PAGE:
“Religious liberty deserves our attention both at home and abroad.” 
-Former Senator Orrin G. Hatch
“[Freedom of religion] protects the right of conscience, not just in houses of worship but in workplaces, schools, hospitals, government offices, and anywhere else we go in this world.”—Leonard Leo, Executive Vice President of the Federalist Society
Panelists included: Chabad Lubavitch’s Rabbi Benjamin Zippel; First Presbyterian’s Pamela Atkinson; Sri Ganesha Temple’s Dr. Neale R. Neelameggham; The Church of Jesus Christ of Latter-day Saints’ Elder Jack. N. Gerard; and Utah Muslim Civic League’s Avais Ahmed.

After the symposium, Senator Hatch and Leonard Leo joined Boyd Matheson, Opinion Editor at Deseret News. Click here to listen. They also discussed Senator Hatch’s op-ed from earlier this week, where he outlines the significant implications of “court-packing.” Click here to read.

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Hatch Center and FWD.us Release Report: Our Outdated Immigration System Needs Overhaul

Washington, DC—Today, the Hatch Center—the policy arm of the Orrin G. Hatch Foundation—joined FWD.us in releasing a new report on the need to reform to the US immigration system to grow the economy, foster innovation, and create new American jobs. The report advocates specifically for commonsense, bipartisan changes to our high-skilled immigration policy.

The report’s release on April 1 is significant, as it marks the day that USCIS begins accepting H-1B visa petitions for Fiscal Year 2020. There are 65,000 H-1B visas available, and another 20,000 available for individuals who hold advanced degrees from US colleges and universities. The annual cap of 85,000 visas has been exhausted within one week for the previous six years.

“The United States is the innovation capital of the world, with a talented workforce that is second to none,” said Hatch“But unless we fix our broken immigration system, our workforce—and our economy—will fall behind. That’s why I have long been a champion of bipartisan immigration reform, including efforts to maximize the contributions of high-skilled workers. To maintain our global economic competitiveness, we must continue to attract the best and brightest in the world. This report is a blueprint for achieving that goal.”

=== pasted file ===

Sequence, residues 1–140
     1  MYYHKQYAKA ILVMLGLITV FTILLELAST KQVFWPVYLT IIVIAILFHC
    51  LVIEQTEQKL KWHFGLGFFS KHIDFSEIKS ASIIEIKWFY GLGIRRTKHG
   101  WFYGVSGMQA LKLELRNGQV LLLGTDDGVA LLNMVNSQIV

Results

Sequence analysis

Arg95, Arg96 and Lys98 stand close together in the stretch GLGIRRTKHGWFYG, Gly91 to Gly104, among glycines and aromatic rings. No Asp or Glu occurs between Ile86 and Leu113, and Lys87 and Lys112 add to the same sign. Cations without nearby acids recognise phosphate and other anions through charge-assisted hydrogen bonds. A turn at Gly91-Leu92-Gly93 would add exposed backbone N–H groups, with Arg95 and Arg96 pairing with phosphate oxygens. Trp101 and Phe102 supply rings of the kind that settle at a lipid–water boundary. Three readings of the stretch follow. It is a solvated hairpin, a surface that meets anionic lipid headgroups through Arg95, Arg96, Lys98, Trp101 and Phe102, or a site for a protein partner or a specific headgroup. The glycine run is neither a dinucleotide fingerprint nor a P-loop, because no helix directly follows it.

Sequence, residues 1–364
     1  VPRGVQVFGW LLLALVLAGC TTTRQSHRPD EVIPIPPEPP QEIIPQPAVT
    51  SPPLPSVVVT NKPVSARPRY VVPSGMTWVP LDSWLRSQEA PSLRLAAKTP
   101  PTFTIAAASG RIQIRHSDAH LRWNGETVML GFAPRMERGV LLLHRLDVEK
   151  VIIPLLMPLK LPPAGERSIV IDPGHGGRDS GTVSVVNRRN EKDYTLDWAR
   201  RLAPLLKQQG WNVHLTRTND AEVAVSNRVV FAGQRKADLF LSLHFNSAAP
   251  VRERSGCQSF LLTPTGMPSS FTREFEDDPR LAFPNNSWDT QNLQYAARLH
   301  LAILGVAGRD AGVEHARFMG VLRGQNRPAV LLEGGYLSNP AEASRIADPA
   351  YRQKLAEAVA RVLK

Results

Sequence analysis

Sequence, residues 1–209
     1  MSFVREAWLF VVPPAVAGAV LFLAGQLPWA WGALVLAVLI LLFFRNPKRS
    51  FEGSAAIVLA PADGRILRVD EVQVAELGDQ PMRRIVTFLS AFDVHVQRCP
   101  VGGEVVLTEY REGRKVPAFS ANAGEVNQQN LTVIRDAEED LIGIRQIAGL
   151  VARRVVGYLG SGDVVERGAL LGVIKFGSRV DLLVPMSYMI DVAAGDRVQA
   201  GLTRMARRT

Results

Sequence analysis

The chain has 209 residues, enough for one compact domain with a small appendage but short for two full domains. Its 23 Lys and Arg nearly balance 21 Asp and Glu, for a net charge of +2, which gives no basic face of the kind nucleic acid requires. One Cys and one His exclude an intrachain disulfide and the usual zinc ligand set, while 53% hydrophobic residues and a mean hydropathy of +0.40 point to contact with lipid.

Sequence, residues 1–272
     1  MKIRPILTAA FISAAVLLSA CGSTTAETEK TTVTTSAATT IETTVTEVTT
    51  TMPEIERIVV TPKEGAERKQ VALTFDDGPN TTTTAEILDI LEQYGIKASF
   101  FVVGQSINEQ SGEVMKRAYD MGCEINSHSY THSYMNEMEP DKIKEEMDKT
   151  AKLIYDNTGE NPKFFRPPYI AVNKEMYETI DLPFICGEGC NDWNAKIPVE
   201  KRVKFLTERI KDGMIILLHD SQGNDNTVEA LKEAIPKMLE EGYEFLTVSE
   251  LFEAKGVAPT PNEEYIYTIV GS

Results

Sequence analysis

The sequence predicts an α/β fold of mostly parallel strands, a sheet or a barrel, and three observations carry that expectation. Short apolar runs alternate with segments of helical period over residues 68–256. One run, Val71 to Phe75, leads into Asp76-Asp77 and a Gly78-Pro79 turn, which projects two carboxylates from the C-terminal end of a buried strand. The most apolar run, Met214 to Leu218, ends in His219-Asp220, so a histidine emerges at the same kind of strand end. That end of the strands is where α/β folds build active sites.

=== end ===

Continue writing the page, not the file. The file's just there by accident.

“We haven’t updated our high-skilled immigration system in over 25 years, and we’re clearly seeing and feeling the consequences.  Every year, the huge demand for H-1B visas
which allow highly-skilled individuals to contribute their talents to the U.S. economyfar outpaces what is available, forcing the U.S. to miss out on the creation of American jobs. Immigrants are good for Americans; they contribute to our economy, and grow the middle class,” said FWD.us President Todd Schulte“We are proud to partner with the Hatch Foundation to release this new report, which underscores the urgent need for commonsense policies that would modernize our badly outdated legal immigration system, so that the best and the brightest from around the world can continue to bring their skills here to create new jobs and keep the U.S. competitive in the global economy.”  

Background

In the report, FWD.us and the Hatch Foundation find that “America’s ability to attract, educate, and employ the world’s greatest talent has created a workforce pipeline that has fueled our economy, and we must continue to replenish that pipeline with fresh ideas and skill-sets from around the globe… Economists have understood for decades that high-skilled professionals working in the sciences and engineering are fundamental to driving innovation, technological adoption, and productivity.”

The full report is available [HERE].